Many of the people in our lab are interested in understanding how children — and adults — learn the meanings of words, and how they learn the grammar of their language, so as to combine those words in to sentences that convey more complex thoughts and ideas. Much of our research uses methods that are designed to study the moment-by-moment mental processes that comprise real-time language understanding. Most notably, our lab has developed a set of child-friendly methods for recording the eye movements of children as they hear spoken descriptions of scenes. This ‘visual world’ approach to studying the act of listening (and speaking) allows us to obtain a moment-by-moment record of what a child thinks an utterance means as the speech unfolds over time. In some of these studies we give children sentences that could have more than one meaning and see which meaning they pick on the fly. In this way we gain insight into what they already know about the language, but also, importantly, how they process language. Similarly, by providing children with utterances containing novel words (“Oh, she’s blicking the ball!”) we can explore what information in the sentence the child might be using to learn the meaning of this new word.
Where we do our research
We conduct research at our lab on Penn’s campus and at area preschools who work with us. Parents sign up for the research and give permission to let their child participate. We then visit the school to conduct the study, or the parent visits our lab with their child. If you would like to participate please, click here.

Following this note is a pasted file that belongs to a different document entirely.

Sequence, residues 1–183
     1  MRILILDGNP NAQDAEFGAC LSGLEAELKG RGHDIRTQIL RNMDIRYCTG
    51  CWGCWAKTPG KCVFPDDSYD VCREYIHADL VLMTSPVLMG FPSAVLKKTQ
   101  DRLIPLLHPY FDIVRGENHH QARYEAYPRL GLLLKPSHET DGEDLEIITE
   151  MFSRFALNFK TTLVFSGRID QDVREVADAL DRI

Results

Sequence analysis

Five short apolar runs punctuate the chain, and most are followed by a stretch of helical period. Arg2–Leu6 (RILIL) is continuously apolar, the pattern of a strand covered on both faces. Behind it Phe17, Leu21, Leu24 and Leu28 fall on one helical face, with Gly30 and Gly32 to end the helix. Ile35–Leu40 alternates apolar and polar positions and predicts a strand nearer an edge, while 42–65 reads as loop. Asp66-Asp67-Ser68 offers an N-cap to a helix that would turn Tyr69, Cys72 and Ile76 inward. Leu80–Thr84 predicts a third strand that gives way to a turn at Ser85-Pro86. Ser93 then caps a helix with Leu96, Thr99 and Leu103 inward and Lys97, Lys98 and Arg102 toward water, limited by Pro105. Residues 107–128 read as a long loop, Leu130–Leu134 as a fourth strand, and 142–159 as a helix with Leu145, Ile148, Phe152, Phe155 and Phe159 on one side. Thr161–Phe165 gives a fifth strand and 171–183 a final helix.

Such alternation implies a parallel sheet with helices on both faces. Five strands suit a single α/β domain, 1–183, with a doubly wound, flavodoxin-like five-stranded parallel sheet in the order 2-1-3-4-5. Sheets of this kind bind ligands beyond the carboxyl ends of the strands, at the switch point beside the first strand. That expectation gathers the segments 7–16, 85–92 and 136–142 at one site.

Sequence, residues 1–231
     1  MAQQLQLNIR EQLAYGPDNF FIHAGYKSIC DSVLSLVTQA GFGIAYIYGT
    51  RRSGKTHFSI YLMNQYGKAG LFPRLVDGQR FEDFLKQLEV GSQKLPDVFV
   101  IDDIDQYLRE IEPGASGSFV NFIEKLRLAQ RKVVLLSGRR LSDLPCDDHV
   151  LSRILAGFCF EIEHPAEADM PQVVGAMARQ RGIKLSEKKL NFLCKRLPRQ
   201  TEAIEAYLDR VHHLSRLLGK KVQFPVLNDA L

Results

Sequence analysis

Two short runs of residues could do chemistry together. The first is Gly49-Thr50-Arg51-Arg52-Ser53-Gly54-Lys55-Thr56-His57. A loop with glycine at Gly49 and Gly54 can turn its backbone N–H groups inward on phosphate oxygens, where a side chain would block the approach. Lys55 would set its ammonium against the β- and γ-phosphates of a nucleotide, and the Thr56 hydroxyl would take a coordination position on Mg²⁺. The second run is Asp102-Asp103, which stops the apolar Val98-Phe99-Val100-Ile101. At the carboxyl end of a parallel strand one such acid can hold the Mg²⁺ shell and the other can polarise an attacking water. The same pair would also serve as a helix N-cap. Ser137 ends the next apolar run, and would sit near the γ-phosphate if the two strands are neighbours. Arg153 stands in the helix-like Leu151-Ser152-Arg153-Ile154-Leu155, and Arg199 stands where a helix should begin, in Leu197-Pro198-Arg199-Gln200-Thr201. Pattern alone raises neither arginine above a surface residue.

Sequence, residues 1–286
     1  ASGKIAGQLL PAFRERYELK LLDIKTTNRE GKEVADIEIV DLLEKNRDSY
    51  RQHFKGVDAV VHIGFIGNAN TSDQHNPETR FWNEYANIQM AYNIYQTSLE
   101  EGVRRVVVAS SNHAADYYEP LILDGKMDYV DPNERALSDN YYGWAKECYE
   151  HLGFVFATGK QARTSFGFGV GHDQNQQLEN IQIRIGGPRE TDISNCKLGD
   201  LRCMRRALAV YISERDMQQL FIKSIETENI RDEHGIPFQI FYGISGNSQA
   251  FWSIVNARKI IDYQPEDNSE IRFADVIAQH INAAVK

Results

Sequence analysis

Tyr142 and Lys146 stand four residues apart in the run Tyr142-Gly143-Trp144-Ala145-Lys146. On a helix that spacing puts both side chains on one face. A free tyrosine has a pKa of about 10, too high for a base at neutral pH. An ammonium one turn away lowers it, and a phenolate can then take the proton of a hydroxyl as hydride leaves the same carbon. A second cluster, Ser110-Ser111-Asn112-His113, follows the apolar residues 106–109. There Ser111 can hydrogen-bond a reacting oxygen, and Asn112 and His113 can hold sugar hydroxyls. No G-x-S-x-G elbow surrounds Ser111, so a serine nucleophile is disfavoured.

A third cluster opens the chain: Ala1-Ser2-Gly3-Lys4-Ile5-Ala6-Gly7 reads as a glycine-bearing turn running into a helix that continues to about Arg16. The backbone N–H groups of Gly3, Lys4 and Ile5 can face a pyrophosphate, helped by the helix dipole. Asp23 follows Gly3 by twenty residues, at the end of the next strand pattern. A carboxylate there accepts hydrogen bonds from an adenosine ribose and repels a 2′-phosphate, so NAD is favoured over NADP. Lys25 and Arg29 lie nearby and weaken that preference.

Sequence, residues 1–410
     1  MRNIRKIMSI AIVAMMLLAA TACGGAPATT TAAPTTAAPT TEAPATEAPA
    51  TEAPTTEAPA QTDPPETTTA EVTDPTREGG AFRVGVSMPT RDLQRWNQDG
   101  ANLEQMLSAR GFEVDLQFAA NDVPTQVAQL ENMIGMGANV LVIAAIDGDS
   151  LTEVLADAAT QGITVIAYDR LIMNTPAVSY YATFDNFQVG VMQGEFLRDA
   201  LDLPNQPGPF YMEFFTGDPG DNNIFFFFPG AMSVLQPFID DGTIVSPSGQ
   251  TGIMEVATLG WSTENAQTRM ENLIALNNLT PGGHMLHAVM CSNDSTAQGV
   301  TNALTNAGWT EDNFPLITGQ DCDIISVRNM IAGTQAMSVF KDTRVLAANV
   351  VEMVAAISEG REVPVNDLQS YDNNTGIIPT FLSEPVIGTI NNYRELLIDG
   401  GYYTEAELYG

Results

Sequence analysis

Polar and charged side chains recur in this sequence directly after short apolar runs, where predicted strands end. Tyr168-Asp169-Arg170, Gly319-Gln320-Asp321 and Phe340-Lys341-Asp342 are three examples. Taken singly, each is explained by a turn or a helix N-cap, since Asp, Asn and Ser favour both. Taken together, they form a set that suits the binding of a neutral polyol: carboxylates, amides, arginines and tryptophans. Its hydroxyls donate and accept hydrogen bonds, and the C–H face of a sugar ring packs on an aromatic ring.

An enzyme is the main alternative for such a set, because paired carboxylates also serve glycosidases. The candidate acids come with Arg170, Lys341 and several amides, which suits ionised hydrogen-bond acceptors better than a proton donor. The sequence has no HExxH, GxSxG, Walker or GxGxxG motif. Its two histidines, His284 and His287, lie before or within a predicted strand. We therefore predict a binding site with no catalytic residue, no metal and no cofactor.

How we do our research
Most of our studies are brief and last about 10 to 20 minutes. A member of our research team would first get acquainted with your child, often playing a simple game. Once your child is relaxed and comfortable we would begin the actual study. For this, your child would likely watch videos on a computer screen or play with toy objects on a table. We often record the eye movements of children using a special computer screen that has high-speed cameras embedded in the panel. For example, in the picture, a participant is watching video on our Tobii eye tracker.
We then analyze the eye movement data collected from many children to learn something about how children typically process speech. We do not test each child’s individual abilities nor do we provide linguistic assessments. Instead, your child’s participation will help us learn more about how children acquire and use language.
Example from a study
In the video below, the speaker on the screen uses a made-up verb to describe the scene: “He’s biffing him.” This sentence can be taken from different perspectives, either the dog’s perspective (“The dog is chasing the man” — and so “biff” means something like “chase”) or the man’s perspective (“The man is running away from the dog” — and so biff means something like “flee”). This experiment was designed to see how the the speaker influences the listener’s interpretation of the meaning of new words. The blue dot and its trail are the path of the watcher’s/listener’s eye-gaze. As you can see, her gaze starts at the speaker and moves to examine the different actors in the scene. Although you cannot hear it in the video, she then tells us what she thinks “biffing” means.
In other studies we record where the child is looking as they hear spoken instructions to move objects on a table. A videotape is made of the child’s eyes and face as he/she carries out spoken instructions to move objects about on a platform. The videotape is later analyzed by hand for gaze direction and word onsets.